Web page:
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The Hindu
The Hindu
The Hindu Bureau

IISc scientists develop synthetic antibody to neutralise deadly snake bite toxin

Scientists at the Indian Institute of Science (IISc.) in Bengaluru have developed a synthetic human antibody that can neutralise a potent neurotoxin produced by the Elapidae family of highly toxic snakes, which includes the cobra, king cobra, krait and black mamba.

According to IISc., the team adopted an approach used earlier to screen antibodies against HIV and COVID-19 in order to synthesise the new venom-neutralising antibody. “This is the first time that this particular strategy is being applied to develop antibodies for snakebite treatment,” said Senji Laxme R.R., PhD student at Scripps Research Institute and the Evolutionary Venomics Lab (EVL), and co-first author of the study published in Science Translational Medicine.

Closer to universal solution

Researchers say that this development takes us one step closer to a universal antibody solution that can offer broad protection against a variety of snake venom.

Snakebites cause thousands of deaths every year, especially in India and sub-Saharan Africa. The current strategy for developing anti-venom involves injecting snake venom into equines like horses, ponies and mules, and collecting antibodies from their blood.

But there are several problems.

“These animals get exposed to various bacteria and viruses during their lifetime. As a result, anti-venom also includes antibodies against microorganisms, which are therapeutically redundant. Research has shown that less than 10% of a vial of antivenom actually contains antibodies that are targeted towards snake venom toxins,” said Kartik Sunagar, Associate Professor at the Centre for Ecological Sciences and joint corresponding author of the study.

The antibody developed by the team targets a conserved region found in the core of a major toxin called the three-finger toxin (3FTx) in the elapid venom. Although different species of elapids produce different 3FTxs, a handful of regions in the protein are similar. The team zeroed in on one such conserved region – a disulphide core. They designed a large library of artificial antibodies from humans, which were displayed on yeast cell surfaces. They then tested the antibodies’ ability to bind to 3FTxs from various elapid snakes around the world.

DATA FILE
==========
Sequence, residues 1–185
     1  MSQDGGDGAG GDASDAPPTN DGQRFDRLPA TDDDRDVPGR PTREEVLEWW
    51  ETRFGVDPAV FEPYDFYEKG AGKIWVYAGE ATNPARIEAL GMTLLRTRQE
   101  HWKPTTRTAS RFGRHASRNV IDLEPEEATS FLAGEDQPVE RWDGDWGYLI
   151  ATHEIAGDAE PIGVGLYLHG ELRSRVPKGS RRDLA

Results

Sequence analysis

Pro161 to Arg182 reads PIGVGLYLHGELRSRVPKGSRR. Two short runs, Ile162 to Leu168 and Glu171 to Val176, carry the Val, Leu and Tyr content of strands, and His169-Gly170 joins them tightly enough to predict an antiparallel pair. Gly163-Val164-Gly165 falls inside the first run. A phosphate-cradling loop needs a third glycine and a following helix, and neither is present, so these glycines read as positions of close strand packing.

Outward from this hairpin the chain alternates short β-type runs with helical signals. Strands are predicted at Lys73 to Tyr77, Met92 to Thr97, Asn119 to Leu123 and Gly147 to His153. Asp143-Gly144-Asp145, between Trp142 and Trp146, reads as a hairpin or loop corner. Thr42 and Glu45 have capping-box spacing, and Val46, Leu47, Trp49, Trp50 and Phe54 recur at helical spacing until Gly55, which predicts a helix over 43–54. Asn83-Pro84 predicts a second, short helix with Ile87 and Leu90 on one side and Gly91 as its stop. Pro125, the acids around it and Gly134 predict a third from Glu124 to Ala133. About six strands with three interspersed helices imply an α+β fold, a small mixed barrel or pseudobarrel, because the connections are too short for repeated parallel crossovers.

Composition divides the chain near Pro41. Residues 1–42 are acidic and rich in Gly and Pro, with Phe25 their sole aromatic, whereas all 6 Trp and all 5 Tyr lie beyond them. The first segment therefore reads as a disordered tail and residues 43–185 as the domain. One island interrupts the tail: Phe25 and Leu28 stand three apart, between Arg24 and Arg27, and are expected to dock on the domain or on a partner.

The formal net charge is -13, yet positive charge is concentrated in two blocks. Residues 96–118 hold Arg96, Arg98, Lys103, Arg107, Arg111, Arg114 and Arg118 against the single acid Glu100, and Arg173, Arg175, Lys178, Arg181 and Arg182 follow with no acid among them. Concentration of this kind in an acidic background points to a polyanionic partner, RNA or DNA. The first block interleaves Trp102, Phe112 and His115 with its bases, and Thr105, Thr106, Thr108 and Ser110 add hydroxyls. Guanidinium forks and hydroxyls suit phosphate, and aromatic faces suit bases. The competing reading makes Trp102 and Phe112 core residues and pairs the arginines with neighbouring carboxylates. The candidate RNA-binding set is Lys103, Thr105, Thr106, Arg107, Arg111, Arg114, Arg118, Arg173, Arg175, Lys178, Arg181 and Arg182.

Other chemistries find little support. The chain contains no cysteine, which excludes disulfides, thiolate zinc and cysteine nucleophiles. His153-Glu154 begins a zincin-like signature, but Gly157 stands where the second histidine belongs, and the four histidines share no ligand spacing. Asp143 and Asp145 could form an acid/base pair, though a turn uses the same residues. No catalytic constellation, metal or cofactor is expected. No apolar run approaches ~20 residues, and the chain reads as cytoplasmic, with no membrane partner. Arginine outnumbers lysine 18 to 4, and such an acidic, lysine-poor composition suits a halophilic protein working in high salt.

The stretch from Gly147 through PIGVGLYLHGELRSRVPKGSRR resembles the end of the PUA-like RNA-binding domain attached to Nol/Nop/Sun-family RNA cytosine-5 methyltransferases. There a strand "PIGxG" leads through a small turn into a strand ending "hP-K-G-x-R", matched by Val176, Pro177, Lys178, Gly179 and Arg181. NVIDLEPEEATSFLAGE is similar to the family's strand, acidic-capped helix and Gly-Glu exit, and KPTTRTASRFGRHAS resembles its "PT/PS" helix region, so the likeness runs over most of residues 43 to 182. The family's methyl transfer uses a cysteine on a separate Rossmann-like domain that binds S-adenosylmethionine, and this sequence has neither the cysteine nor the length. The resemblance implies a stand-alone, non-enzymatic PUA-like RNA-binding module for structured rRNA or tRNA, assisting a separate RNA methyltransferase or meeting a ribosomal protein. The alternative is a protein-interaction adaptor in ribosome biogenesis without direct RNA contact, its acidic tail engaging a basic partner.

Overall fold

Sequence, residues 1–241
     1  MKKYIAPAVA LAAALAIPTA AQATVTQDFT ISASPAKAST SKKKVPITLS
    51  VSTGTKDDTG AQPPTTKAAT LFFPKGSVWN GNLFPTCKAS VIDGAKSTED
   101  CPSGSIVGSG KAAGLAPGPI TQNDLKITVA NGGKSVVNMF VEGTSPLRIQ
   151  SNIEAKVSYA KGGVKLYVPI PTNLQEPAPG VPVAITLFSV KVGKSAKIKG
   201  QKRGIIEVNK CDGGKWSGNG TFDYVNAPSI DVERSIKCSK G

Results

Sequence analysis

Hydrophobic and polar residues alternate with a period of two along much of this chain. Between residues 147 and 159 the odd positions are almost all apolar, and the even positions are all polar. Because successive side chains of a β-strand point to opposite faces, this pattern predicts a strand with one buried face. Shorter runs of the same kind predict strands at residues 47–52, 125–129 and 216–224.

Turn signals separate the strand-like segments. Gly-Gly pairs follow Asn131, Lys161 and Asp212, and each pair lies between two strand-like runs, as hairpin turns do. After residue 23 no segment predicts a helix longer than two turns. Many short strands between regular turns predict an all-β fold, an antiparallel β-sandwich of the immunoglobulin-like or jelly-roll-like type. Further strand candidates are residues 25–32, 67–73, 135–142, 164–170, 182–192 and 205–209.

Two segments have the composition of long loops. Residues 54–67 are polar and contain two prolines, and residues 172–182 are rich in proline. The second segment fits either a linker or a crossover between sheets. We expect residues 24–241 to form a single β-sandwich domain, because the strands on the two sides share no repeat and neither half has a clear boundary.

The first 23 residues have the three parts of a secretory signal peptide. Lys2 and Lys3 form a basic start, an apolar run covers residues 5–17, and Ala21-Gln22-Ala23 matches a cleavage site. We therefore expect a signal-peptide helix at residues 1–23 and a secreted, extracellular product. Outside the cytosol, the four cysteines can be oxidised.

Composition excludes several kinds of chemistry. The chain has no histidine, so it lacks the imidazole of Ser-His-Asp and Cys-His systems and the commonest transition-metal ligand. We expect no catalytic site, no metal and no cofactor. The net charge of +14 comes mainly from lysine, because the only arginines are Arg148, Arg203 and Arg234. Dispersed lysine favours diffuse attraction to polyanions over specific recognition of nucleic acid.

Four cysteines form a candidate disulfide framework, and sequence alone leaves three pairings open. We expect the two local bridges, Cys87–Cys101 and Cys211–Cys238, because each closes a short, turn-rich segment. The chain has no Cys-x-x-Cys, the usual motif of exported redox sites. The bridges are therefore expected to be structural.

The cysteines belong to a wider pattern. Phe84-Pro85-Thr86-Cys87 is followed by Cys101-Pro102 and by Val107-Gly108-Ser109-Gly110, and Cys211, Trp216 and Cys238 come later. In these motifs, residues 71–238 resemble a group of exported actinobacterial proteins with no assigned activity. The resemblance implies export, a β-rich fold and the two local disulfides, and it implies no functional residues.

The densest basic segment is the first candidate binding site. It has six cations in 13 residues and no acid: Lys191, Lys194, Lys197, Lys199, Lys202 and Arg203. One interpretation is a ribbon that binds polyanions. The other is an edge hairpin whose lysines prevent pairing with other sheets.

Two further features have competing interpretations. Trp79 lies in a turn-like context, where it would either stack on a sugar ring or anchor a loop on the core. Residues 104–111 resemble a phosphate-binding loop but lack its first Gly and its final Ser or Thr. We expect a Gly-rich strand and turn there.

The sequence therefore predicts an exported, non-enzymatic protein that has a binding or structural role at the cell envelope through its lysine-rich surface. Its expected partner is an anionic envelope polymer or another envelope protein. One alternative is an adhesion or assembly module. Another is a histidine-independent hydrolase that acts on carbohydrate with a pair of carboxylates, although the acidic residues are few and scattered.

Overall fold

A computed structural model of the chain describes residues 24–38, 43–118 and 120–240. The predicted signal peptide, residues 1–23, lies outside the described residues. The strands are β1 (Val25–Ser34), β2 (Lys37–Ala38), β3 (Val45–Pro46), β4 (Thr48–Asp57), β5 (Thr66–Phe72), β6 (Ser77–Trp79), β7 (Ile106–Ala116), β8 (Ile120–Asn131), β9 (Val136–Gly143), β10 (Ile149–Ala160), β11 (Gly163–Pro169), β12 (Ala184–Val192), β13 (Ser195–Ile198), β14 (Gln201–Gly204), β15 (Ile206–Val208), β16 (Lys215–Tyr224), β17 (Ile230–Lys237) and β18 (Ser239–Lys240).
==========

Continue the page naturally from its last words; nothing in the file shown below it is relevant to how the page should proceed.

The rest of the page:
After repeated screening, they narrowed down their choice to one antibody that could bind strongly to various 3FTxs. Among the 149 variants of 3FTxs in public repositories, this antibody could bind with 99.

Tests on animal models

The researchers then tested their antibody on animal models. In one set of experiments, they pre-mixed the synthetic antibody with a toxic 3FTx produced by the Taiwanese banded krait, and injected it into mice. Mice given just the toxin died within four hours. But those given the toxin-antibody mix survived past the 24-hour observation window, and looked completely healthy.

The team also tested their antibody against the whole venom of the monocled cobra from eastern India and the black mamba from sub-Saharan Africa, and found similar results. The efficacy of the antibody was found to be nearly 15 times that of the conventional product.

Crucially, when they first injected the venom and then gave the antibody after a time delay – 0 minutes, 10 minutes and 20 minutes – the antibody was still able to save the mice.

The conventional product, however, only worked well when injected alongside the venom. A delay of even 10 minutes significantly reduced the potency of the conventional antivenom.

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